medication (ADM) use in adult trauma patients with an

intensive care unit stay of 5 or more days. One fourth of

patients received an ADM, with only 33% of those patients

having a documented history of depression. Of patients

who received their first ADM from a trauma or critical care

physician, only 5% were discharged with a documented

plan for psychiatric follow-up. The study identified a need for

standardized identification and management of depressive

symptoms among trauma patients in the inpatient setting.

Key Words antidepressant medication , critical care , depression , injury ,

psychiatry , trauma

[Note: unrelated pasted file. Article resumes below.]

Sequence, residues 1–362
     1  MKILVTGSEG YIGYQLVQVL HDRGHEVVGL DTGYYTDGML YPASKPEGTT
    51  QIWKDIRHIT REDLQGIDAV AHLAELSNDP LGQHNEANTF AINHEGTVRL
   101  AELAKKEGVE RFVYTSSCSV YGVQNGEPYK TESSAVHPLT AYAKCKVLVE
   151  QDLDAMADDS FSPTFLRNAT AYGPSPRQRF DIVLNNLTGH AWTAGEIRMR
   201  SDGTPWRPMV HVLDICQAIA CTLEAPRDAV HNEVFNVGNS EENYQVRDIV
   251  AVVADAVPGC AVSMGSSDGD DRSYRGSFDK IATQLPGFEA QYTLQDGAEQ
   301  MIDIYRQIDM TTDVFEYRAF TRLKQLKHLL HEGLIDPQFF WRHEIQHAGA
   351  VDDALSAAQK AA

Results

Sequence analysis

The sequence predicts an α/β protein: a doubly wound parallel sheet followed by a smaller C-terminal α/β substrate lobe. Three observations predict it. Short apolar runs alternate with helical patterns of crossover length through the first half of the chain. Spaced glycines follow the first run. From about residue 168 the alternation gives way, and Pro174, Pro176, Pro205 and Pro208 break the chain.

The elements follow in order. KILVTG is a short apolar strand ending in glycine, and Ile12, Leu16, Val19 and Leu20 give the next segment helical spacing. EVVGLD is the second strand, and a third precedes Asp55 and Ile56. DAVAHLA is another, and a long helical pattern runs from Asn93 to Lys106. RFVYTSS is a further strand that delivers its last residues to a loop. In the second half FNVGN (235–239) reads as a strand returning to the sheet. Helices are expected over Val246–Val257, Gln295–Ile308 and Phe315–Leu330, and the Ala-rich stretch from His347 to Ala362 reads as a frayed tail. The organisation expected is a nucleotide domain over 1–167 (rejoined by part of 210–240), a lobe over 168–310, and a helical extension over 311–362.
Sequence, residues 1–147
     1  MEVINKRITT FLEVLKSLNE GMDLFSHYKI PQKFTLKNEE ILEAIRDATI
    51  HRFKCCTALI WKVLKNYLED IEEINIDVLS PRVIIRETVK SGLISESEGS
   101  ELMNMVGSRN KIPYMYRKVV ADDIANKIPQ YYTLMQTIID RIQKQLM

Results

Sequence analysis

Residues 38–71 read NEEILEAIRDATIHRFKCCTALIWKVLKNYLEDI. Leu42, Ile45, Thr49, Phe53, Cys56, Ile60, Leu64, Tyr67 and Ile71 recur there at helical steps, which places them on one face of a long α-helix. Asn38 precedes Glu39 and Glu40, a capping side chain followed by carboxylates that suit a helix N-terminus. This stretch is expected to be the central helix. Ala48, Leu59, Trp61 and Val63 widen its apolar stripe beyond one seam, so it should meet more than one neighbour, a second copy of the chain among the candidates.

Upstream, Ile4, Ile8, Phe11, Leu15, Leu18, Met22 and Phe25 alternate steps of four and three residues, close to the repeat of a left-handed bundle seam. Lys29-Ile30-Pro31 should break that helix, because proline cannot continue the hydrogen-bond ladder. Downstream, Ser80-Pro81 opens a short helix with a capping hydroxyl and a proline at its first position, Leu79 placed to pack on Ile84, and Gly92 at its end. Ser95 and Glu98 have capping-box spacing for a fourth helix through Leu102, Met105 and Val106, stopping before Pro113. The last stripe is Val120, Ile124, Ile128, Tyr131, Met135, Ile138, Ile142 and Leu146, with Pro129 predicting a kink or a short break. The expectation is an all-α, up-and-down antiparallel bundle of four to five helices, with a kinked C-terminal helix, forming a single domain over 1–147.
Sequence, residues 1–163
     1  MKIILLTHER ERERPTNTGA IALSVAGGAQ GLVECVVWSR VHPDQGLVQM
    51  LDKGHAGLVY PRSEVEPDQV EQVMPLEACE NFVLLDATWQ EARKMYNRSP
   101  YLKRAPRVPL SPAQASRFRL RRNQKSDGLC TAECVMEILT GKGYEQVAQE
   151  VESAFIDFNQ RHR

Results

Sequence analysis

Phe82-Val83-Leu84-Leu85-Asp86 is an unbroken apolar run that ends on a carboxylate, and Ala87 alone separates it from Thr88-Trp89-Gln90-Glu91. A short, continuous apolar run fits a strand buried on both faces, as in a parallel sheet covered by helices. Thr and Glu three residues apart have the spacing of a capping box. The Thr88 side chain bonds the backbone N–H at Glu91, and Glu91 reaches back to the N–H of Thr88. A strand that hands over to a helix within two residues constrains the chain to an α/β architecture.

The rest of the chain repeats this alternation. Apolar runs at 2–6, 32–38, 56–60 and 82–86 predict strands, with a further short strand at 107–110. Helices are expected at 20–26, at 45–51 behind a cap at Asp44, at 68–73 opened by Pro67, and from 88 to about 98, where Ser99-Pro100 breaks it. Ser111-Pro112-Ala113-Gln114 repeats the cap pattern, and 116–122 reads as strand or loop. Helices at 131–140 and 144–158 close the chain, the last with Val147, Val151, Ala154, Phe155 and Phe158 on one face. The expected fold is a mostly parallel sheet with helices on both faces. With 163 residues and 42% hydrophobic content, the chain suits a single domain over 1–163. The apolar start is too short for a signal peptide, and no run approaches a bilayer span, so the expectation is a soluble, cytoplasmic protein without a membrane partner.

Author Affiliations: UnityPoint Health, Des Moines, Iowa (Ms Spilman

and Drs Smith and Tonui); and Fort Sanders Regional Medical Center,

Knoxville, Tennessee (Dr Schirmer).

The abstract was presented at 47th Annual Society for Epidemiological

Research (SER) Meeting, Seattle, Washington, June 24–27, 2014.

None of the authors have any conflicts of interest to disclose.

Correspondence: Sarah K. Spilman, MA, Trauma Services, Iowa Methodist

Medical Center, 1200 Pleasant St, Des Moines, IA 50309 ( sarah.spilman@ ).

Evaluation and Treatment of Depression in Adult Trauma Patients

Sarah K. Spilman , MA ■ Hayden L. Smith , PhD ■ Lori L. Schirmer , PharmD ■ Peter M. Tonui , MD